Economic conditions of crofting: survey 2019 to 2022
This report provides a detailed outline of the uses and financial situation of crofts in the years between 2019 and 2022.
2. About crofting households
2.1. Summary of key points
Crofters are most likely to live in two person households (48%). This is more than the Scottish population where 32% live in two adult households.
Base: respondents, 2014, n=751; 2018, n=719; 2022, n=920
In line with the results from the 2014 and 2018 surveys, crofters were more likely to be male (68% in 2022) compared to the Scottish population (49%). The 2021 Scottish Agricultural Census shows that most agricultural working occupiers are male (60%) and 40% are female. The proportion of female crofters has continued to increase from 13% in 2014 to 26% in 2018 and 30% in 2022.
Base: respondents, 2018, n=719; 2022, n=919
In terms of the age profile of respondents, 42% are aged 65 and over, while only 3% are aged under 35. The age profile of crofters does not vary significantly compared to the profiles from the 2014 and 2018 surveys.
The 2021 Scottish Agricultural Census shows that most working occupiers are older than 55 years of age, as we can see with the crofting population. However, the proportion of crofters aged 65 and over is slightly higher than that of agricultural working occupiers. From the 2021 Scottish Agricultural Census 40% of male working occupiers were aged over 64 and compared to 32% of females.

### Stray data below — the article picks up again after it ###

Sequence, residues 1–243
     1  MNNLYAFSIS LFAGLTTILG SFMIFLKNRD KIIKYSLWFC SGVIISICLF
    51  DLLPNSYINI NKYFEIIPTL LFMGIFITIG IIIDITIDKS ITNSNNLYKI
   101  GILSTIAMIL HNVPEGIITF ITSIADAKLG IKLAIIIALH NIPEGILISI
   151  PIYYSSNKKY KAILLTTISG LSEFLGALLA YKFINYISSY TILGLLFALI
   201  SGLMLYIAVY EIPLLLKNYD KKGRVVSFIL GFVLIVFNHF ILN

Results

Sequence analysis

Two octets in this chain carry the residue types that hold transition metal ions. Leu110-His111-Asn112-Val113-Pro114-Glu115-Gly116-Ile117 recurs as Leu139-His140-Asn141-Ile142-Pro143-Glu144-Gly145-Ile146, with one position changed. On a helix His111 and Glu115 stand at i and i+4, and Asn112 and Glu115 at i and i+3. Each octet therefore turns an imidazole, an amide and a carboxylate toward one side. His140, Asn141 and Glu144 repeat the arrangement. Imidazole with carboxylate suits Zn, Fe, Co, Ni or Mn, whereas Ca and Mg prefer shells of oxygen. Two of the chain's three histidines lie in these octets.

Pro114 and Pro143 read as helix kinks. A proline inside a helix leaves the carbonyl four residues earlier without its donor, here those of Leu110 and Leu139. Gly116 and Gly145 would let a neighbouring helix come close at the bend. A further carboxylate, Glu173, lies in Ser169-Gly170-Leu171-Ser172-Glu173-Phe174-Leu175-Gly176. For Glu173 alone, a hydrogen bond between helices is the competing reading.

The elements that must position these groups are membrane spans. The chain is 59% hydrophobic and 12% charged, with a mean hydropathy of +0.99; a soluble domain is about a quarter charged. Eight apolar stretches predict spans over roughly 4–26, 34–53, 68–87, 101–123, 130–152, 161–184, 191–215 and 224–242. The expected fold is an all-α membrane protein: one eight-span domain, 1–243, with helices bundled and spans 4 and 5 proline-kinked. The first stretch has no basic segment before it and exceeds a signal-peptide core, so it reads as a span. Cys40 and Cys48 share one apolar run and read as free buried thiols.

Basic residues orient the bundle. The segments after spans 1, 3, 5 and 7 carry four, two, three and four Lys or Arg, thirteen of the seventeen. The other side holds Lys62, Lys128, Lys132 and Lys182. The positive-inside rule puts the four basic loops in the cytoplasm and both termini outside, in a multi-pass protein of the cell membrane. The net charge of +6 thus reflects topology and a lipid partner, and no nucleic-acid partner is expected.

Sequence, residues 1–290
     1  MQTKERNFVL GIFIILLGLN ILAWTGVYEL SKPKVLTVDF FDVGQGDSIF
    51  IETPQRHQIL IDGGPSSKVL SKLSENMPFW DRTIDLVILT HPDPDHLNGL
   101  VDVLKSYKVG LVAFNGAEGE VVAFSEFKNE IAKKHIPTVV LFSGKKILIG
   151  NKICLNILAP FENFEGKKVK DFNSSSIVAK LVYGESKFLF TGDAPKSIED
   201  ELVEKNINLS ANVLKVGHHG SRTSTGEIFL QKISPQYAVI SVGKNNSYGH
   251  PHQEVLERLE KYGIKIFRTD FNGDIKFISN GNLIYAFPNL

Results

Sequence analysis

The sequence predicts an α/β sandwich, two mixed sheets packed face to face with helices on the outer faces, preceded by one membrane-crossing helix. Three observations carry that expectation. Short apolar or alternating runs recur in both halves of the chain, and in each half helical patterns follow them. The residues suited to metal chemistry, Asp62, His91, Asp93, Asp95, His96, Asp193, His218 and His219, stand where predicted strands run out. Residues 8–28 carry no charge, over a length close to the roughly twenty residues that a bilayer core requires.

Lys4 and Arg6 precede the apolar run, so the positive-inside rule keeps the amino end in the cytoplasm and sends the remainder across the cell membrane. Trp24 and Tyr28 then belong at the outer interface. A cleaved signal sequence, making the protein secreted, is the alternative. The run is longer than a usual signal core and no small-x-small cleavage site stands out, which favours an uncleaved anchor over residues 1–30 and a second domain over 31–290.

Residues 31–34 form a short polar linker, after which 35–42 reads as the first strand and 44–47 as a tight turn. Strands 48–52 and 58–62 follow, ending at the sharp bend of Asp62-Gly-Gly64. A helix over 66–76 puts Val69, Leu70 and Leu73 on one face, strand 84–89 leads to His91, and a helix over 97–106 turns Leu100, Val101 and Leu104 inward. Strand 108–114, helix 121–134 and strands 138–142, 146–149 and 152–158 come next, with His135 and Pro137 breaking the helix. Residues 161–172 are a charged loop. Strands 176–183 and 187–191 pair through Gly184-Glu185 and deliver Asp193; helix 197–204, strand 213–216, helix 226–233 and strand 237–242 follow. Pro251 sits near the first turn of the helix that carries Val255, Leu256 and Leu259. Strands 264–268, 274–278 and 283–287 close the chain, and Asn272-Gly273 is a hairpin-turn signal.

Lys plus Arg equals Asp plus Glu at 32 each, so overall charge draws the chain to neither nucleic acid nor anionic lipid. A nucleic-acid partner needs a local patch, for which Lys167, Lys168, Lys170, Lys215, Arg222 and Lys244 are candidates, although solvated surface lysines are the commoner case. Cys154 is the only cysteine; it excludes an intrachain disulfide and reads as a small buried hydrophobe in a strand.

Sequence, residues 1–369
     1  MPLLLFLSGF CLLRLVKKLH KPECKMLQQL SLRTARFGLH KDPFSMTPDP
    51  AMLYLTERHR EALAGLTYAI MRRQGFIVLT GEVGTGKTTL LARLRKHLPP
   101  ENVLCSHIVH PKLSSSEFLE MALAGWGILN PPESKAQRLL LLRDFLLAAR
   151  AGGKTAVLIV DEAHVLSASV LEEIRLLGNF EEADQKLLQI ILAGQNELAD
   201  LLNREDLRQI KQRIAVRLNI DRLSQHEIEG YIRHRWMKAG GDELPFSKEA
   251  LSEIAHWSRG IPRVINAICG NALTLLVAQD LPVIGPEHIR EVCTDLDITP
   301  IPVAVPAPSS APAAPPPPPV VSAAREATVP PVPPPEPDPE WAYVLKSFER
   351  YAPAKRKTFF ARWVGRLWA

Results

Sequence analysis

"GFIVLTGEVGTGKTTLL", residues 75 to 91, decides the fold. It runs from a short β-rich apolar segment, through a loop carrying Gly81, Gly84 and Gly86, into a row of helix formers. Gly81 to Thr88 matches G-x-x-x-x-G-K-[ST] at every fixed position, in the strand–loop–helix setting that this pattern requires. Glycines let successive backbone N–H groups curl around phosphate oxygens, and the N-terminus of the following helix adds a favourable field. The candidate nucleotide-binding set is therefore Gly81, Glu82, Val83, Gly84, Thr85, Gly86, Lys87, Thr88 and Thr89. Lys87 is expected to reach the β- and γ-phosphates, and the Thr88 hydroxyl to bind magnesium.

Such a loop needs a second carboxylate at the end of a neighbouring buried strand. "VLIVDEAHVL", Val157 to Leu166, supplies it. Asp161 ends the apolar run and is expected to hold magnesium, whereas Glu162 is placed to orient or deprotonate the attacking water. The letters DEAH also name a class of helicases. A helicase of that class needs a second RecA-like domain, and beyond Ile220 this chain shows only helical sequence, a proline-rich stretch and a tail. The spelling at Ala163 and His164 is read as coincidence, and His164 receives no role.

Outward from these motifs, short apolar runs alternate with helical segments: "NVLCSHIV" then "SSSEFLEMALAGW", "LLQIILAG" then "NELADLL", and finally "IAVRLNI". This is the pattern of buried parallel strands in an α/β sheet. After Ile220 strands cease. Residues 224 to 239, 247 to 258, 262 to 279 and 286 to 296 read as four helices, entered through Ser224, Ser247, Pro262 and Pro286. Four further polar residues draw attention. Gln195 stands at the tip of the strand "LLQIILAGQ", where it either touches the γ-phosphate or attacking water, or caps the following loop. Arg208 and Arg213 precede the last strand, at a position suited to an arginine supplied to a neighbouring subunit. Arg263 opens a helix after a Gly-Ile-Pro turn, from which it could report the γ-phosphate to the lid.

The crofting population is also more likely to be older than the Scottish population in general where 24% are aged 65 and over.
2.3. Household description
Base: respondents, 2022, n=918
It was most common for crofters to live in a two-person household (48%) which is consistent with the 2018 survey (47%). 20% lived alone, 15% lived in a three-person household, 11% lived in a four-person household and 6% lived in a household with five or more people.
2.4. Equalities information
18% of respondents said they had a physical or mental health condition or illness that was expected to last 12 months or more, and of these individuals 36% said that the condition limits their day-to-day activities a lot and a further 55% said it limits them a little. The proportion of respondents with a long term mental or physical health problem was slightly lower for crofters than the Scottish population (24%).
In terms of religion, most crofters said they belonged to the Church of Scotland (42%). A further 16% said they were ‘other Christian’ and 5% said they were Roman Catholic. 26% of respondents said they did not belong to any religion, which is significantly less than the Scottish population (56%).
With regard to sexuality, 90% of crofters identified as being heterosexual, 8% preferred not to answer and just over 1% identified as being gay or lesbian, bisexual or some other sexuality.
The vast majority of crofters said they were of white ethnic origin (90%) and of these individuals, 84% said they were White Scottish and a further 14% said they were white other British.
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